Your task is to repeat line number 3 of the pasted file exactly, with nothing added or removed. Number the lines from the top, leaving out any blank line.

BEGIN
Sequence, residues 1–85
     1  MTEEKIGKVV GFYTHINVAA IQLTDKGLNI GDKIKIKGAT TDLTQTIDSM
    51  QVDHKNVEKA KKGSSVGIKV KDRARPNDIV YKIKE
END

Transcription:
    51  QVDHKNVEKA KKGSSVGIKV KDRARPNDIV YKIKE